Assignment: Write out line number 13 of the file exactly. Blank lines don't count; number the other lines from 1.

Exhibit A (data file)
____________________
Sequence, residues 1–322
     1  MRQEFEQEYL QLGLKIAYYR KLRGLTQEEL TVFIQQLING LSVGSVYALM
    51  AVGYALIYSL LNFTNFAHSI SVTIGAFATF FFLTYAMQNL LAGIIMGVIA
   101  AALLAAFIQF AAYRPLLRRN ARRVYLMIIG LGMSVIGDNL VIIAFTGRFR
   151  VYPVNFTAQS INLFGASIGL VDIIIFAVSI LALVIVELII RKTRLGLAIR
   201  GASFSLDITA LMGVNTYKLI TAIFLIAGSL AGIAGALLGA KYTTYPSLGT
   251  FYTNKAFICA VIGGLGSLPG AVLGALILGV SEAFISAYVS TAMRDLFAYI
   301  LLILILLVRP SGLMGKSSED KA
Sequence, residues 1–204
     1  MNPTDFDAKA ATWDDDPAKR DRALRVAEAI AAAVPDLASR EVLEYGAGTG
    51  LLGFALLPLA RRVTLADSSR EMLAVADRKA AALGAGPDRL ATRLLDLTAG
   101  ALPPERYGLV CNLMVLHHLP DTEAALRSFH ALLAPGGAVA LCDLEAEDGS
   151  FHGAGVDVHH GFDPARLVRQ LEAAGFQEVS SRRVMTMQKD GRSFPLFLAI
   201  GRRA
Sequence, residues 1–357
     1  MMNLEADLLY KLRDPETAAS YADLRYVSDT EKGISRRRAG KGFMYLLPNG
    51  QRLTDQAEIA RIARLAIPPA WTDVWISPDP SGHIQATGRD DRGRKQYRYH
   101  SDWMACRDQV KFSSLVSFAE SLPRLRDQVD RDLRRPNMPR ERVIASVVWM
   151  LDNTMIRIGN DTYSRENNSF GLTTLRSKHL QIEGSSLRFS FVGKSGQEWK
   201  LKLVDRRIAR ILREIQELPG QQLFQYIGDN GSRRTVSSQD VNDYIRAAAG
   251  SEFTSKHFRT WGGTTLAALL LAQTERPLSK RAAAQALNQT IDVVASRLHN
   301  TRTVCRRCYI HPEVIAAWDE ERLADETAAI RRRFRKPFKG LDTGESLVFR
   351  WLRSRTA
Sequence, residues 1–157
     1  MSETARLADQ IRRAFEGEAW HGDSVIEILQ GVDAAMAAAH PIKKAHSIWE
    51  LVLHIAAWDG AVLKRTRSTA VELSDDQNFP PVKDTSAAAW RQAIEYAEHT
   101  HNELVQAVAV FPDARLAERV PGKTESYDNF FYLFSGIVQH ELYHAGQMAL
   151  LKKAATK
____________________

   151  FHGAGVDVHH GFDPARLVRQ LEAAGFQEVS SRRVMTMQKD GRSFPLFLAI